Fun fact: it was bankrolled by none other than rum runner Joe Hobbs. But when the Depression hit, Hobbs hit rock bottom, and the building went on a bargain sale to the Guinness family for a mere $900,000 in 1933. 

Talk about a steal!

Pro Tip:
The Art Deco and Chocolate Tasting Tour happens every Thursday and Saturday morning at 10 AM. It’s a treat for your taste buds and your inner architecture nerd!

Vancouver City Hall

Media credit: aiden_blake

Type: Landmark Skyscraper


Location: 453 W 12th Ave, Vancouver, BC V5Y 1V4, Canada

Contact number: 604-873-7000


  • Closed from Saturday to Sunday
  • Monday to Friday: 8:30 AM – 5 PM

Vancouver’s City Hall is a piece of Art Deco perfection right in the heart of the city. Built back in 1936 as a make-work project during the Great Depression, this beauty was all about creating jobs and adding a touch of elegance to the skyline.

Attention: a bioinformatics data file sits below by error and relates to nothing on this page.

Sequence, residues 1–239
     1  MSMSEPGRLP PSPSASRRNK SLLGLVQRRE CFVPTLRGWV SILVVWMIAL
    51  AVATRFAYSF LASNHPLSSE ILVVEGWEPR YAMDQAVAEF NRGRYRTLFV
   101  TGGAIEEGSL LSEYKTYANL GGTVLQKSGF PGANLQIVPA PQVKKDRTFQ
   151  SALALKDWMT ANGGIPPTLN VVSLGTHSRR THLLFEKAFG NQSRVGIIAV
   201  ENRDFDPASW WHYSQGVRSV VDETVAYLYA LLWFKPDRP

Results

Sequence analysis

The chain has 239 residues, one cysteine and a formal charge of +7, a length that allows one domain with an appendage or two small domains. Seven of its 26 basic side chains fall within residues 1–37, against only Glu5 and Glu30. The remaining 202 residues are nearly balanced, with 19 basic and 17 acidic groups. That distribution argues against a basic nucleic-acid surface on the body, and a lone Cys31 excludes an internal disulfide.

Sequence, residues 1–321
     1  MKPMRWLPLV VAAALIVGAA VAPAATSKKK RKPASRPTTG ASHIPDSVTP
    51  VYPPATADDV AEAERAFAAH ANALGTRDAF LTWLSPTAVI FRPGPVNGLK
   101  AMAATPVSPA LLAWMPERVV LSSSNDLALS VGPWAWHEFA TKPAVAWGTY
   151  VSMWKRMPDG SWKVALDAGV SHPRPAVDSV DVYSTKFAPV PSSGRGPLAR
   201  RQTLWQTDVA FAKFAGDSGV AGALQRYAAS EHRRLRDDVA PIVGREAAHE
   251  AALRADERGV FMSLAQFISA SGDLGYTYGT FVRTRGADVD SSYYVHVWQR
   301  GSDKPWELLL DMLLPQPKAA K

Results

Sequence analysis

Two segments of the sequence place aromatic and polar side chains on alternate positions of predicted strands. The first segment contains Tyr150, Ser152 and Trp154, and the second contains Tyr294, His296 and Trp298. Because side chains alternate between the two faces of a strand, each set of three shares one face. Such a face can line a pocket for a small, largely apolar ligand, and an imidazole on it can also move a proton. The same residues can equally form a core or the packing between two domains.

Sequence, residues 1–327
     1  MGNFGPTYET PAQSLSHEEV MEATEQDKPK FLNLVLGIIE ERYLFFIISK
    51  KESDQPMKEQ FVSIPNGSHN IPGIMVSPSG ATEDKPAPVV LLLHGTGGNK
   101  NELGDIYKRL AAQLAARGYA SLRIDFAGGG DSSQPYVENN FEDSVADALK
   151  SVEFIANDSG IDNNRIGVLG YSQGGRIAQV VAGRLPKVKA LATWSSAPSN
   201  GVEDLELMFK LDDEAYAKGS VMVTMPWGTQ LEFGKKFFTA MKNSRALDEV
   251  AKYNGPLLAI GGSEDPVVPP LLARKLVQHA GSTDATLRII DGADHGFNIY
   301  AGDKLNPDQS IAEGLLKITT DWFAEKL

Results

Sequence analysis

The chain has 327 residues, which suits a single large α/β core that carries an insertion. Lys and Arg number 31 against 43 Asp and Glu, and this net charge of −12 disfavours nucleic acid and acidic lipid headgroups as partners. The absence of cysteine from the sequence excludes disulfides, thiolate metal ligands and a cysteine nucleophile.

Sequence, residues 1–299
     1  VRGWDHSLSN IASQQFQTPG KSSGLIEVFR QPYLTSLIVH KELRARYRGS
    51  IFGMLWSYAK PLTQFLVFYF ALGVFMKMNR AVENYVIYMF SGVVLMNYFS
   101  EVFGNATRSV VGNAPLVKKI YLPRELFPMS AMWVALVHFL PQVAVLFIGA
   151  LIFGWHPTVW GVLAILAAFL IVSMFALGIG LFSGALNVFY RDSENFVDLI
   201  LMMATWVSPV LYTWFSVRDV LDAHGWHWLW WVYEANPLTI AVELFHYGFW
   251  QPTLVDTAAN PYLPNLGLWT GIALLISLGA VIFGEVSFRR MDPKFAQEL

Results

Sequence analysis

Designed by architects Townley and Matheson, Vancouver City Hall is a textbook example of Art Deco architecture. Sleek lines, geometric patterns, and fancy decorations that scream elegance and modernity from every angle, it’s all there.

Once inside, you’ll be greeted by a lobby that’s straight out of the Gatsby era. Marble floors, fancy plasterwork, and swanky lighting fixtures set the scene for a visit that’s sure to impress. 

And don’t even get us started on the grand staircase. It’s like something out of a Hollywood movie!

But it’s not just about looks as Vancouver City Hall has a serious history too. Back in the day, Mayor Gerry McGeer hustled hard to drum up the cash for this place, hitting up wealthy donors left and right. 

And get this. They managed to build the whole shebang in just 330 days for a cool $1 million.

Now, here’s a fun fact: they almost stuck City Hall smack dab in the downtown core, but they decided against it. 

Why? Well, rumor has it they wanted to keep it a bit out of the way to make it harder for protestors and activists to cause a ruckus. Sneaky, huh?